Systemic Bias in Patent Law
Alan J. Devlin
Latham & Watkins
April 13, 2011
DePaul Law Review, Vol. 61, p. 57 (2012)
The patent system purports to induce optimal rates of innovation in a vast array of industries. It fails. Due to its ostensible one-size-fits-all constitution, inventors’ disparate incentive characteristics, information asymmetries, and the cost of administrative and legal processes, the law cannot tailor property rights to the traits of individual innovators. The patent system therefore operates imperfectly, and so it may be unsurprising that criticism abounds. Although the patent regime may operate effectively - though not flawlessly - with respect to pharmaceuticals, chemicals, and mechanical devices, many believe that it suffocates innovation in information technology, business methods, computer software, and biotechnology (in particular, DNA sequencing, gene therapy, and medical-diagnostic techniques).
Certain features of the patent system are more controversial than others. Some contend that the sphere of patentable subject matter is too broad; others charge that patentees can too often obtain monopoly rights that extend beyond the functional characteristics of their actual inventions. Critics argue that the system overcompensates patentees, especially through its use of the entire-market-value rule in calculating damages and by its proclivity to award injunctive relief. Numerous academics have criticized the Federal Circuit’s common-law rule that one can invalidate a patent only by establishing such invalidity with clear-and-convincing evidence. Many commentators have assailed the courts’ failure to condemn “pay-for-delay” agreements in the pharmaceutical industry.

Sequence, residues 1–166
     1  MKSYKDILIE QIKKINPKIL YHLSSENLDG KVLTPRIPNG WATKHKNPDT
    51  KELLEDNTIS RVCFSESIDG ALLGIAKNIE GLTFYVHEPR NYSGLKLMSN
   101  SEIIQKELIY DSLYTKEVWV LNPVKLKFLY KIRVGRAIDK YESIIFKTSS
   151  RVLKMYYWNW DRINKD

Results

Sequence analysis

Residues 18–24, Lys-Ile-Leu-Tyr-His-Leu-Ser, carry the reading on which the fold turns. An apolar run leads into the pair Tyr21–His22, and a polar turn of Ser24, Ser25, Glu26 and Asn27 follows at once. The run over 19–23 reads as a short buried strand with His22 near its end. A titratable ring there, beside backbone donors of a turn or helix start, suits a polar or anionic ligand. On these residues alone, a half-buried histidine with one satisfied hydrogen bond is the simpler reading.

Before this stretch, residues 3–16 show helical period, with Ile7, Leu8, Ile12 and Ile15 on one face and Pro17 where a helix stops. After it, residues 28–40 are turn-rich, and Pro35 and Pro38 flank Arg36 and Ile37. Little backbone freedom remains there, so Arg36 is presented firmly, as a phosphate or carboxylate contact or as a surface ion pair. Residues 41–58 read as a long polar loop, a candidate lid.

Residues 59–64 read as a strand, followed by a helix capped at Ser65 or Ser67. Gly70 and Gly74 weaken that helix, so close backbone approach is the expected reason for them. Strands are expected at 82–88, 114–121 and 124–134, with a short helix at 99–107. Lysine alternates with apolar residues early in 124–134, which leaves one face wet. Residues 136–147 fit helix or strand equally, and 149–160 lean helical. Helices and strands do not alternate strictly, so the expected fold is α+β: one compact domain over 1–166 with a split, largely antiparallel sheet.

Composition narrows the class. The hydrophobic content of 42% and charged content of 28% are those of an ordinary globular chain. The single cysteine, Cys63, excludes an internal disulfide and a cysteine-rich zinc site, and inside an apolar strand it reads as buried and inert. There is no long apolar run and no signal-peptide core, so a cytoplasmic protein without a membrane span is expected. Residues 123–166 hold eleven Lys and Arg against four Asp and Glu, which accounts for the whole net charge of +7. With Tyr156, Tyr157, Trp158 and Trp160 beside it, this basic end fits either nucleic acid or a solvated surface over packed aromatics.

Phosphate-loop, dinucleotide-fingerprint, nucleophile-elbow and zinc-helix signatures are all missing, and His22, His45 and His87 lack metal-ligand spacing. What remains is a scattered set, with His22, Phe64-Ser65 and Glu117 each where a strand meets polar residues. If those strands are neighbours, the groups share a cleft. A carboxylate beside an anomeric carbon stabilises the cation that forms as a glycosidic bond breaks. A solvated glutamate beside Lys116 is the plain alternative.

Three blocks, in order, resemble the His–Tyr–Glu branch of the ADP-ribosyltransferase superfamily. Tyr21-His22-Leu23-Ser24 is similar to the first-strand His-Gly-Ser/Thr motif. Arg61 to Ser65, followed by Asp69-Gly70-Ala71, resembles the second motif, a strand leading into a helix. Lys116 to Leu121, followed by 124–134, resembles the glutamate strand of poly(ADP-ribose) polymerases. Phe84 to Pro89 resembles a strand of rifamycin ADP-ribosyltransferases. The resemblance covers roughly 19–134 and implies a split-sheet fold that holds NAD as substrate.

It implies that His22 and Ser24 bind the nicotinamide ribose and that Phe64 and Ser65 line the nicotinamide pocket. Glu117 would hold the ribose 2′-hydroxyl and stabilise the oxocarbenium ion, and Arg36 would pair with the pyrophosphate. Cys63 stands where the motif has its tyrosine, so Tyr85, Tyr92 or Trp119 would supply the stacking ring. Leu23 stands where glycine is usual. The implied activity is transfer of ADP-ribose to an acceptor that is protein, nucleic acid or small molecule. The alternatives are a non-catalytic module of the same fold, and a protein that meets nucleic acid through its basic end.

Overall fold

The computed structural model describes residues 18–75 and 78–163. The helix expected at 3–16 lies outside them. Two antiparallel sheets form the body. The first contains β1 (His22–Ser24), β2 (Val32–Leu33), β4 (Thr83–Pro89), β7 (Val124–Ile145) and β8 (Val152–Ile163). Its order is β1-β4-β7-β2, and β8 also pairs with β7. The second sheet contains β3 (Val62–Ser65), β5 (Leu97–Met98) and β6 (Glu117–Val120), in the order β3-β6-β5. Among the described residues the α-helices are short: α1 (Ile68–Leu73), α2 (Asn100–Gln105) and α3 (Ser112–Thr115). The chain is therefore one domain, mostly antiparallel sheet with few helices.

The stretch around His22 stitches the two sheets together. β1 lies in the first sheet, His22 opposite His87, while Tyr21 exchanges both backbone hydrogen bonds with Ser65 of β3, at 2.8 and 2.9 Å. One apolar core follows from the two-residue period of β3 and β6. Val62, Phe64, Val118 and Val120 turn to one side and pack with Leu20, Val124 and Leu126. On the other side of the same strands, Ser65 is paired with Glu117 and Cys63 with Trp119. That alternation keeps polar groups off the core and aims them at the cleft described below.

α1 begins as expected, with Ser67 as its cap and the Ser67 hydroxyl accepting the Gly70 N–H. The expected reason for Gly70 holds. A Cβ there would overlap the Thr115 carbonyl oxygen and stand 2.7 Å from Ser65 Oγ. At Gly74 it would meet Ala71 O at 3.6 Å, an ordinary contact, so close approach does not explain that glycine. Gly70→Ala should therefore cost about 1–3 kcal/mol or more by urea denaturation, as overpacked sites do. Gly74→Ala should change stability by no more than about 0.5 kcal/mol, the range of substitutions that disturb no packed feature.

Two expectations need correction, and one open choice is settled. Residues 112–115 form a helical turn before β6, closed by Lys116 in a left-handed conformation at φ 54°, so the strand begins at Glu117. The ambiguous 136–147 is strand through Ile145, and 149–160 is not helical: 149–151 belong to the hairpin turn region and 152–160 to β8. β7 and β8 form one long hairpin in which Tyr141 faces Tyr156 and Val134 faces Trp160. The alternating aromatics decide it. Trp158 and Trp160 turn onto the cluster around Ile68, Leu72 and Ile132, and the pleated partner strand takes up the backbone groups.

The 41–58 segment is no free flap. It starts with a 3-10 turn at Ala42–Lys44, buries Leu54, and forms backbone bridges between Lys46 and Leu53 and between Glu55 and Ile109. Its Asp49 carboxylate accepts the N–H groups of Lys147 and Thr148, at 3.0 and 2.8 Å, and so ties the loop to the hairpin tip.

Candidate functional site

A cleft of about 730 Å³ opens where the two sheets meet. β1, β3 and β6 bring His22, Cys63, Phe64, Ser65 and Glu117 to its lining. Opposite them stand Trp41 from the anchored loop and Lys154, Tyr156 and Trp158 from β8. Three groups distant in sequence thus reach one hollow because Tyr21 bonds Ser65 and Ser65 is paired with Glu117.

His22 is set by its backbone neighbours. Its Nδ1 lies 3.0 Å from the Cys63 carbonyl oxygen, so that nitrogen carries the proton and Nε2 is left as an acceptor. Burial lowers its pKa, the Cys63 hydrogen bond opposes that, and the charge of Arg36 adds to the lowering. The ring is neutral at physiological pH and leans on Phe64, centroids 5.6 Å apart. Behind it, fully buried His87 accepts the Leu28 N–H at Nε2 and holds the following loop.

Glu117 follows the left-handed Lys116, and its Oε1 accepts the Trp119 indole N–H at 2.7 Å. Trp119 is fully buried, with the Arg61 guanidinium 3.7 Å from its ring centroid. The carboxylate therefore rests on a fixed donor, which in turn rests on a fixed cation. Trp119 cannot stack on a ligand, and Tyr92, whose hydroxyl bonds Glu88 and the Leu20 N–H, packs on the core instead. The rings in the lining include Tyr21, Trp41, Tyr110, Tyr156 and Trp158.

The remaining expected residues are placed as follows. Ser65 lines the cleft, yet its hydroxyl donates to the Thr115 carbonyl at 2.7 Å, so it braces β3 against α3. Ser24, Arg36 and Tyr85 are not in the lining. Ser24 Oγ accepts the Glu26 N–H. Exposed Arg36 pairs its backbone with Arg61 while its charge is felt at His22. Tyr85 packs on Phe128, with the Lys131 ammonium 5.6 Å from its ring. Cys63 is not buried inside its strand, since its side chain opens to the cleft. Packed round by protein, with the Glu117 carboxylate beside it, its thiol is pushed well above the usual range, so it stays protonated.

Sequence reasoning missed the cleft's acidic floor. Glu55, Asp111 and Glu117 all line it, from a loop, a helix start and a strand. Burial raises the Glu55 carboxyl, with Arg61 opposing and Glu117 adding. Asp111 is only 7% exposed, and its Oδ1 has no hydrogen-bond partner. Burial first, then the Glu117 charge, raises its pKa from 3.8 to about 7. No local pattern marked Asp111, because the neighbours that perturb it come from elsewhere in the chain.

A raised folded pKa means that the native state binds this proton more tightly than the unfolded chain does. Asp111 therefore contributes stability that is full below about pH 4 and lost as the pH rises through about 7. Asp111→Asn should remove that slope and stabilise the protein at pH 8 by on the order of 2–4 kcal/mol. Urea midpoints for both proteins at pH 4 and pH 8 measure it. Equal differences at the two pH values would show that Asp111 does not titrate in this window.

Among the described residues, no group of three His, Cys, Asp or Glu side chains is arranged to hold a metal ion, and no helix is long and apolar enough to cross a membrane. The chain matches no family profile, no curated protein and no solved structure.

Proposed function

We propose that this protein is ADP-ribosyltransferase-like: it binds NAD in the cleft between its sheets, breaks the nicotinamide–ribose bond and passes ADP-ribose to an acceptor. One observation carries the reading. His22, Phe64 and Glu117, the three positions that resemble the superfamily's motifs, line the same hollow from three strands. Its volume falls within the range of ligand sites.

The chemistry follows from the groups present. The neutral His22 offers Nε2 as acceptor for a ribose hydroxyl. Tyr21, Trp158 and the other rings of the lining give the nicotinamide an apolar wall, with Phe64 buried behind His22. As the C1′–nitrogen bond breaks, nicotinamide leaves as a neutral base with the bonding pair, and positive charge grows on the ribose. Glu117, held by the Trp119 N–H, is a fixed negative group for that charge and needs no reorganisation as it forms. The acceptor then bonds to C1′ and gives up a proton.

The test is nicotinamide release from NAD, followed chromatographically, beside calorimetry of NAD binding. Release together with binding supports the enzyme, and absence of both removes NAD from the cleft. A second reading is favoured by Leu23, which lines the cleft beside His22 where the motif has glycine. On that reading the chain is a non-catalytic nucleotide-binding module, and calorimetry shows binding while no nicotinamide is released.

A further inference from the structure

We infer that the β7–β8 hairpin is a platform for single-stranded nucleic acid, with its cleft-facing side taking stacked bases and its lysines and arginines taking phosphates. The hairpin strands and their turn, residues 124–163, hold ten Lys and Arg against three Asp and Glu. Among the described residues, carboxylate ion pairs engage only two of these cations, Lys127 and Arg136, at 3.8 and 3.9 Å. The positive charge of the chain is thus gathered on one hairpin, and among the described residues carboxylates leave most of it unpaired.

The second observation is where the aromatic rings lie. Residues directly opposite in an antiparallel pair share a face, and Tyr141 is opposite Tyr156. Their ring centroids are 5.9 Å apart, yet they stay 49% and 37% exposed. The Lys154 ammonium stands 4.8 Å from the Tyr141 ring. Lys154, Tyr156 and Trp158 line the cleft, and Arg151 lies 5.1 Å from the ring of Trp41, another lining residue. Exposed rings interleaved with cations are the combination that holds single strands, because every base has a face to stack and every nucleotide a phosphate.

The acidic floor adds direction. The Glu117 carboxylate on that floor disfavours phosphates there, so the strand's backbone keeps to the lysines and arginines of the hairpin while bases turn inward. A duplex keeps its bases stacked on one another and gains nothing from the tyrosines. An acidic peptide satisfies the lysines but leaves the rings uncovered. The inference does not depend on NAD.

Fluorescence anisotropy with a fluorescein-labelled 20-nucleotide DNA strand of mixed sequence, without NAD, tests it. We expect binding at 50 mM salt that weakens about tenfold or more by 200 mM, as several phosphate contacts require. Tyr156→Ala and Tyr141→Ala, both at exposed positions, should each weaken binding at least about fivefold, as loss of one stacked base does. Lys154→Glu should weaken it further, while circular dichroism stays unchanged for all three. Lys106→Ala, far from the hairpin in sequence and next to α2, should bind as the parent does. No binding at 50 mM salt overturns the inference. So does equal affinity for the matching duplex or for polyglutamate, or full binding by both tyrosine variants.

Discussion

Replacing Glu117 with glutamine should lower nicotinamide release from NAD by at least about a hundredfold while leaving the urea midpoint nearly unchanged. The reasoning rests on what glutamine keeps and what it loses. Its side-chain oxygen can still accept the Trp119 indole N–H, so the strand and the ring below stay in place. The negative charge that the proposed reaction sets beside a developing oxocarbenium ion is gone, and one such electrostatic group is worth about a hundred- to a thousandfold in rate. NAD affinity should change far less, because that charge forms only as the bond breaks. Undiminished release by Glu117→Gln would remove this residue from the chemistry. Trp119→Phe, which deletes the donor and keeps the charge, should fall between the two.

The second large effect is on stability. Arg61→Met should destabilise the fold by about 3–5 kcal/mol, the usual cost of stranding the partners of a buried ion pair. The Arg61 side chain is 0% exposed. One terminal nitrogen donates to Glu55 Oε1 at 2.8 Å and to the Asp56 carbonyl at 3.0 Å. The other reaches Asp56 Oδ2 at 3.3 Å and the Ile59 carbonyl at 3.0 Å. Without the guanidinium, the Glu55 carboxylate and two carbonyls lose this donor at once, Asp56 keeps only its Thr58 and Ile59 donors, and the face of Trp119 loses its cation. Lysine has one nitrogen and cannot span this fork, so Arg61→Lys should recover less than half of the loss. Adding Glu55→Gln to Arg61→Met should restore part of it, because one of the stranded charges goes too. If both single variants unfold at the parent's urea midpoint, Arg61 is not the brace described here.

At a theoretical level, these and other criticized tenets of the patent regime need not produce inefficient results. Although examiners, judges, and juries commonly err - whether in determining patentability, engaging in claim construction, finding infringement, or in calculating damages - such mistakes are consistent with an effective patent system. This counter-intuitive result follows from the fact that one should generally measure the efficacy of patent law’s incentive-to-invent rationale ex ante, when the system imparts the relevant inducement to innovate. The fact of ex post error need not skew the expected value of pursuing a patent-protected course of innovation as long as courts are as likely to misstep in one direction as the other.
This Article articulates a novel framework within which to construe commonly criticized tenets of the patent system. Instead of asking whether a particular feature of the patent regime is capable of misapplication, or is apt to benefit one industry at the expense of another, one might instead determine whether the relevant facet of the system is apt to generate a significant systemic bias. To the extent one can expect a doctrine to lead courts to err systemically in one direction, one should subject that feature of the law to considerable scrutiny. Exploring controversial aspects of the contemporary patent system in this light suggests that certain facets of the law are in need of revision.
Number of Pages in PDF File: 70Accepted Paper Series
Date posted: April 13, 2011 ; Last revised: April 5, 2013
© 2013 Social Science Electronic Publishing, Inc. All Rights Reserved.
This page was processed by apollo7 in 0.640 seconds